The leading conservation mat board, Alphamat, made by the Bainbridge Com­ pany, is the conservation board equivalent to Crescent Cardboard's Rag Mat. Alphamat is available with paper facings in sixty colors, which are pigmented to prevent fading. The board itself is a bright white. The  bright  white  bevel, although eye-catching  on white and off-white  mats, is found by many people to be distracting on the darker and more strongly colored  shades  of  mats.  This  board is designed for use in picture  framing  where the artwork  is not  touching  the paper facing. Although several pastelists have used  this  board  surface  to  draw on, it is not clear  whether  it is generally  safe for fine  artwork.  The surface is a very thin paper adhered to an archival board and this combination  would appear to be less hazardous than using a colored wood-pulp paper alone because, over the years, as the paper facing loses its strength,  it  has  the  board for sup­ port. In addition to the sixty colors available in 32" X40",  nine are produced  in  40" x 60'', but are not readily available. The boards are 55 pt. thick.



Albumen photographs, which were made through an early method of producing black-and-white prints with animal protein, and  dye transfer  prints,  produced  by a more modem and lightfast method of  producing  color prints,  are both adversely affected by an alkaline pH, or a pH of more than 7.5. Dyed  natural fibers, like silk and wool, are also sensitive to alkalinity because the dyes used in their production are usually acid dyes. It is therefore best to avoid buffered museum and conservation boards when framing albumen photographs, dye trans­ fer prints, and work made of natural fibers.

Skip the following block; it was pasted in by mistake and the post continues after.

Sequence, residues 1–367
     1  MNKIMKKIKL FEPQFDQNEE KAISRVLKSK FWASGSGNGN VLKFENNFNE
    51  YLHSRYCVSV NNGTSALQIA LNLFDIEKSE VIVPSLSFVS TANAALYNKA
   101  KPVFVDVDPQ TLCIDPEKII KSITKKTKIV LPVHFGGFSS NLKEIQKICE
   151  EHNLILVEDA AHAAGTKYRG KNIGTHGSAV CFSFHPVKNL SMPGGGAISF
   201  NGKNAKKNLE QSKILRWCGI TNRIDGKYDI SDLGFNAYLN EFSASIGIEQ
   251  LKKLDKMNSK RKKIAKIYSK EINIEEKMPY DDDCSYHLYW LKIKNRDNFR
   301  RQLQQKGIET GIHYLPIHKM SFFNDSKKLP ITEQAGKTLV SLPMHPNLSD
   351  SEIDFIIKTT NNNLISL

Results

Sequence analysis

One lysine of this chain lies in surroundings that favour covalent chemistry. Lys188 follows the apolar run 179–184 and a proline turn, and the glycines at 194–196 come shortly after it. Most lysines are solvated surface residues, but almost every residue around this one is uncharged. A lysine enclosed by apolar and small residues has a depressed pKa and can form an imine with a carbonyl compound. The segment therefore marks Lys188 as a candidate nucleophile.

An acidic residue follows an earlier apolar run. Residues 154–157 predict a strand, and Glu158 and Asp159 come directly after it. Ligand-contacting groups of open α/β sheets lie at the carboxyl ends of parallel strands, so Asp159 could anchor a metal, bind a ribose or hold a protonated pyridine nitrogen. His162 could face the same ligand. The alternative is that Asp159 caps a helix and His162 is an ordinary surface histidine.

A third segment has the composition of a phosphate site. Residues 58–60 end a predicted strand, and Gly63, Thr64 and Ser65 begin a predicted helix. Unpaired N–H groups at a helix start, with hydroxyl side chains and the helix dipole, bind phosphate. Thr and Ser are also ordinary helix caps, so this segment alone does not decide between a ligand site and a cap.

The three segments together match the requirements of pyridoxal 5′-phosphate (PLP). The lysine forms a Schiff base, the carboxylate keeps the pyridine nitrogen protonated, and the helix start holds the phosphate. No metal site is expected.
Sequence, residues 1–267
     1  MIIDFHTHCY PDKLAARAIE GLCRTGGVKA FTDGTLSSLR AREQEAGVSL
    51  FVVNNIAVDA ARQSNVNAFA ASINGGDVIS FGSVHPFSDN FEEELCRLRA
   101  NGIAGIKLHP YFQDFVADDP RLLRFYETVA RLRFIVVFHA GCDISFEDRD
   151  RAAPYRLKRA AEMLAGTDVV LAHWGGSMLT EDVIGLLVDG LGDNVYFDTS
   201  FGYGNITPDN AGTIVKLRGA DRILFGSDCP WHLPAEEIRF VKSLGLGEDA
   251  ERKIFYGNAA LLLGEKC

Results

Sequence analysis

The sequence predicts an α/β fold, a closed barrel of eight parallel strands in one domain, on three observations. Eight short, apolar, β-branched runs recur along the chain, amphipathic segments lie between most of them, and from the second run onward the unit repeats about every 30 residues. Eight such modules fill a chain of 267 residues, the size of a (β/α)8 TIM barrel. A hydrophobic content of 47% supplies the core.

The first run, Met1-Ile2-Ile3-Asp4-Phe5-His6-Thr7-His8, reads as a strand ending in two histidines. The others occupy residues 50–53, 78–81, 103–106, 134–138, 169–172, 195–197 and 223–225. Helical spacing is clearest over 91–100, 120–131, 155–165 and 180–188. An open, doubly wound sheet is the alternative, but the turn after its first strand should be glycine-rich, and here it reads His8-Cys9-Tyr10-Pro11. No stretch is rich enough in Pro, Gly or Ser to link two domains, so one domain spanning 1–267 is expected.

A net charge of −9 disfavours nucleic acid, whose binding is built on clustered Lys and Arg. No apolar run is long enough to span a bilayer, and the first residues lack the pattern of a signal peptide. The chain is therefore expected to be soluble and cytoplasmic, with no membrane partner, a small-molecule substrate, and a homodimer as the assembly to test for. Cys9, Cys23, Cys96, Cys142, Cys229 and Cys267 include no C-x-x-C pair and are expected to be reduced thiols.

Nonbuffered archival boards are very specialized, and are not readily  availa­ ble. The  Light Impressions  Corporation,  however-a  mail order  house  that sells  a large variety of archival supplies to the public as well as to the trade-offers a 50 pt., four-ply, 100 percent rag board that is not buffered, in sizes from 811  x 10" to 32" X40".  The  company's  address is: 439 Monroe  Avenue,  Rochester, New York 14607.



The Process Materials Corporation produces a buffered corrugated board that appears identical to ordinary corrugated board, except that  it  is  blue-gray  or bright white rather than brown. It is called Archivart Multi-Use Board, and is available in both single weight (single wall), 1/8-inch, and double weight (double wall), ¼-inch in sizes of 32" X48", 40" X60", and 48" X96".

Archival corrugated cardboard is used as a backing board in museum-style framing and storage, as well as an artists' material. Although the purity  of  the wood pulp used to make this board is questionable, as is the quality  of  the adhesive used to hold the various layers together, the  manufacturer  claims  it meets archival requirements. For additional security when  using the board as an  art material, I have had good results in creating rigid, and safe,  painting  surfaces by mounting 100 percent rag to this board.